Mr. Glassman, attorney at PSB, said, "Make no mistake, the owners of the Conception were responsible for providing a safe, seaworthy vessel and failed to do so. In the aftermath of this tragedy, all deserve to know what went fatally wrong and that our justice system works in holding accountable those responsible for the wrongful deaths of 34 people. Through discovery, we intend to determine, for instance, why the Conception had non-compliant escape hatches in the event of an emergency, among what appears to be a litany of safety lapses. The family members, who are still grieving and in shock, want to express their deepest gratitude to all of the first responders for their efforts, to the people in and around Santa Barbara, and to the well-wishers from around the world whose support is a source of strength. Above all, the families of the victims, and those that represent them, want to make sure that what happened to their loved ones on the Conception can never happen again."
The attorneys noted that their clients have requested that their privacy be respected and, at present, are granting no interview requests. Any information requests going forward should be made through counsel, whose contact information is provided below.
SMBB (www.smbb.com) and PSB (www.psblaw.com) are among the nation's premier catastrophic personal injury law firms, whose litany of major cases include maritime disasters, from duck boats on lakes and rivers to cruise ships at sea. SMBB most recently represents numerous victims of the 2018 Branson, Missouri duck boat disaster that resulted in 17 deaths. In that case the firm successfully argued that the 1851 Limitation of Liability Act did not apply to the boat's owner. PSB, as part of its wide-ranging plaintiff's practice, presently serves as lead counsel in both the Thomas Fire and Woolsey Fire litigations in Southern California as well as lead trial counsel in litigation against Southern California Gas Company, representing thousands of victims of the 2015 Aliso Canyon Gas Leak in Porter Ranch, California.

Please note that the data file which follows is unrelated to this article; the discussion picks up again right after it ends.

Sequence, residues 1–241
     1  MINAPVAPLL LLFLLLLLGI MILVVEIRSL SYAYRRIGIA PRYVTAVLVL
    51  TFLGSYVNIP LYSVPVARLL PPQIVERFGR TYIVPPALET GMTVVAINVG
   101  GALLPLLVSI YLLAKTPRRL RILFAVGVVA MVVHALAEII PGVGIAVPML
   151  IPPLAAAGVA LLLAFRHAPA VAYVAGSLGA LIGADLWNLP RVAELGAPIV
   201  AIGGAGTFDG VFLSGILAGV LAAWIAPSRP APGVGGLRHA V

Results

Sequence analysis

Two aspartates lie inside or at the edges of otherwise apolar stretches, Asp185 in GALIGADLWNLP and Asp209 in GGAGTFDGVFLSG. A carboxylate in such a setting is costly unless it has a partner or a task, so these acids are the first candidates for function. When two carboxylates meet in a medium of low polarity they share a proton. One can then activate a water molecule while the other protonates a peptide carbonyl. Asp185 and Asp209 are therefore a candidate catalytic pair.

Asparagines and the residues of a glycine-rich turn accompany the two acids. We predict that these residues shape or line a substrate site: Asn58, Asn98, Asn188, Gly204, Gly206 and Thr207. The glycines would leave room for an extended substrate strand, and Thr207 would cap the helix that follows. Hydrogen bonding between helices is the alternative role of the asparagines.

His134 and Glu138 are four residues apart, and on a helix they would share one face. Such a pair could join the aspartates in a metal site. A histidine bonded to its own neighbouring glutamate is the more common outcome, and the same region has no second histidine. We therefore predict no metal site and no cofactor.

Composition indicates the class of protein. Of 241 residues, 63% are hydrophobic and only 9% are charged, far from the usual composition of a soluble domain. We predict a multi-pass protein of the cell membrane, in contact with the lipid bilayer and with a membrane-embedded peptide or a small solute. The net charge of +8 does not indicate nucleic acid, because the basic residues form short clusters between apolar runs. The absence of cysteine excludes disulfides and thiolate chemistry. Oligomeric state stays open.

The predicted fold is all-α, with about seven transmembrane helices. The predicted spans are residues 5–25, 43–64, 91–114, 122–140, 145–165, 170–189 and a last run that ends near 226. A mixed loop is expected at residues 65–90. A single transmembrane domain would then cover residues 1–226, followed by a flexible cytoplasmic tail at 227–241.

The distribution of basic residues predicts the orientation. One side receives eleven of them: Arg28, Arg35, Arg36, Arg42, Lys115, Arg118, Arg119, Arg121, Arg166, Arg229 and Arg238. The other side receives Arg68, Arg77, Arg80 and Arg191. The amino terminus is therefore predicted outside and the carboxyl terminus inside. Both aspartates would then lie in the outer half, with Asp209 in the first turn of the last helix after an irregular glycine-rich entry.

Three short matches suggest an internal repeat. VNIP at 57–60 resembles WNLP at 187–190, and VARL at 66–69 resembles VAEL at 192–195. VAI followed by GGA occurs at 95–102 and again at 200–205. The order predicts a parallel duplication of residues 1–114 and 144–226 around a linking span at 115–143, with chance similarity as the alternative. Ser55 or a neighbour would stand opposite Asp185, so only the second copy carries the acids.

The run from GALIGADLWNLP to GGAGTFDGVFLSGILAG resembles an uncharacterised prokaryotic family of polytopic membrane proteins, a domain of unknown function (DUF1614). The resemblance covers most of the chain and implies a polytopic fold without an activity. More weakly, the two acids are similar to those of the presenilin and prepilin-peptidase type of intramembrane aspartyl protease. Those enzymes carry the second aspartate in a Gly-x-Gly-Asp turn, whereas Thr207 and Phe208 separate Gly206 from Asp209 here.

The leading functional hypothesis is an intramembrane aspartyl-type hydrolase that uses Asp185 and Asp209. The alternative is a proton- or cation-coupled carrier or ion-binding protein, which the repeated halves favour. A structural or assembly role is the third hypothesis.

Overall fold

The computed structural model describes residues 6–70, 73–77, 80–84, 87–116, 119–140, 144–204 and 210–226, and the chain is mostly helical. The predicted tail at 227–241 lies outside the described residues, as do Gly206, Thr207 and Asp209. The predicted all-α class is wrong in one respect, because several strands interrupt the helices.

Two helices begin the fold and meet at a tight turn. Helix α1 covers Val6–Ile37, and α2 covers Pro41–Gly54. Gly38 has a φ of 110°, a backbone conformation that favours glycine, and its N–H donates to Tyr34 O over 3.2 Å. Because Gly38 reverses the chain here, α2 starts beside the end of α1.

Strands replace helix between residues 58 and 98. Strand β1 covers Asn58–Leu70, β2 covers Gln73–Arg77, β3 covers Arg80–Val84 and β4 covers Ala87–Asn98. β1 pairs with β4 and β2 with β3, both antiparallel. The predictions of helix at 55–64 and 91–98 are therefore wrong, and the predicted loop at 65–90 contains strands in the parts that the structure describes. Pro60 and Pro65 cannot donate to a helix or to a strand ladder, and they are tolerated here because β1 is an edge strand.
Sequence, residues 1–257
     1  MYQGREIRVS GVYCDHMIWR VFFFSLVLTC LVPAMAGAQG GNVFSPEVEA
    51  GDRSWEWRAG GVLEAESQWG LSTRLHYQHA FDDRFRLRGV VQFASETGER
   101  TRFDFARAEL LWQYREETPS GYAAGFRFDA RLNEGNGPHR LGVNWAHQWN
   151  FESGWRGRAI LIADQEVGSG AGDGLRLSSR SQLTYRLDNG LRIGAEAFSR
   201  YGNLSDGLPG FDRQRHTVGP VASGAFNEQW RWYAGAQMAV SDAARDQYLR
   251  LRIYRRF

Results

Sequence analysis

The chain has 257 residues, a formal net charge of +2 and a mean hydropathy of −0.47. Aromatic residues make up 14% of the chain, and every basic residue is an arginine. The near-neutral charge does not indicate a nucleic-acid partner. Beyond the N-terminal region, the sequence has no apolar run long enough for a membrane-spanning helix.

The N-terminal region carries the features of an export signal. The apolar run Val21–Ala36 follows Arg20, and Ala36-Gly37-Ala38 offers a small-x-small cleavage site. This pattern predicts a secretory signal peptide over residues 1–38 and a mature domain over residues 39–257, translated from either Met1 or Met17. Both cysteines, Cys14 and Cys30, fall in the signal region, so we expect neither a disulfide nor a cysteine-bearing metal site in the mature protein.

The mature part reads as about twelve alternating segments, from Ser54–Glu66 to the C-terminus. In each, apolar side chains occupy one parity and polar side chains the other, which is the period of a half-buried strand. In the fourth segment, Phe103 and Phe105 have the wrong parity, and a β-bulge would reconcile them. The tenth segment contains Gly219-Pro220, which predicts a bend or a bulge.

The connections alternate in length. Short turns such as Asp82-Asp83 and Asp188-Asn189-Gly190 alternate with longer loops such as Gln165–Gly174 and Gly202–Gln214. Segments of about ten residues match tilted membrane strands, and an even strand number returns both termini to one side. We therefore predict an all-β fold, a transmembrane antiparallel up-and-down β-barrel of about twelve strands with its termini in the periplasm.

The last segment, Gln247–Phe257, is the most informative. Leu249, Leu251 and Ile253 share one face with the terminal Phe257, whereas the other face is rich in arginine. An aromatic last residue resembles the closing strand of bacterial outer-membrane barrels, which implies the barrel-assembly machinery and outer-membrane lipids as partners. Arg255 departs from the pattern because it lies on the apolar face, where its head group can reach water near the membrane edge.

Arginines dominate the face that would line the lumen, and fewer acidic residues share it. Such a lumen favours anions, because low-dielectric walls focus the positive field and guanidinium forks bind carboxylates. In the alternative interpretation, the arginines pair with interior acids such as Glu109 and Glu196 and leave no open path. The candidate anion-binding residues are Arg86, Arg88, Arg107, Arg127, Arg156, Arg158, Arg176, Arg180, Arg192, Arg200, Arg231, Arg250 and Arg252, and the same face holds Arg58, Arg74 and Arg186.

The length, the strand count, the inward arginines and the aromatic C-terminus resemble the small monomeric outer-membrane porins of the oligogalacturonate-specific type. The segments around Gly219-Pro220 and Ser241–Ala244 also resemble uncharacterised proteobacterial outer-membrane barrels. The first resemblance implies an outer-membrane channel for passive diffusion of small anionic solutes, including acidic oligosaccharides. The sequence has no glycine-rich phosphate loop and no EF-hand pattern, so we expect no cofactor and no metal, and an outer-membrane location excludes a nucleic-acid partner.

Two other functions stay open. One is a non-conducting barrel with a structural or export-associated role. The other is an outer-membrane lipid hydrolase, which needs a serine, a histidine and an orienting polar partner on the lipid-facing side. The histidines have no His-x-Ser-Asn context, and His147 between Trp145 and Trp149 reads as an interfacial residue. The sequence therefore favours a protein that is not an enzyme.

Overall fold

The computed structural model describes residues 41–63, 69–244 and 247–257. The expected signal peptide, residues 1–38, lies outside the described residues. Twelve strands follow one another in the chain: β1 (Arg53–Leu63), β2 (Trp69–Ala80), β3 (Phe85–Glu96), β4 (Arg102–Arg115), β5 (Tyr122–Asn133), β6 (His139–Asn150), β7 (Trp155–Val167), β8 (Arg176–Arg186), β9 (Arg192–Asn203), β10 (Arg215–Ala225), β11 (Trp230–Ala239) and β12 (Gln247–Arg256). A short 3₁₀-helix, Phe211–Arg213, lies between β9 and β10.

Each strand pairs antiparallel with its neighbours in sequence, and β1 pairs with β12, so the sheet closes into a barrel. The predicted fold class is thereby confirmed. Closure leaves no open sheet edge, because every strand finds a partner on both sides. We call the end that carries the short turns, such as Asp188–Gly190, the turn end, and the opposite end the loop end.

Attorneys E. Douglas DiSandro, Jr., of SMBB, as well as Brian Panish of PSB, are members of the Plaintiffs' legal team.
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SOURCE Saltz, Mongeluzzi, Barrett, & Bendesky, P.C.; Panish Shea & Boyle LLP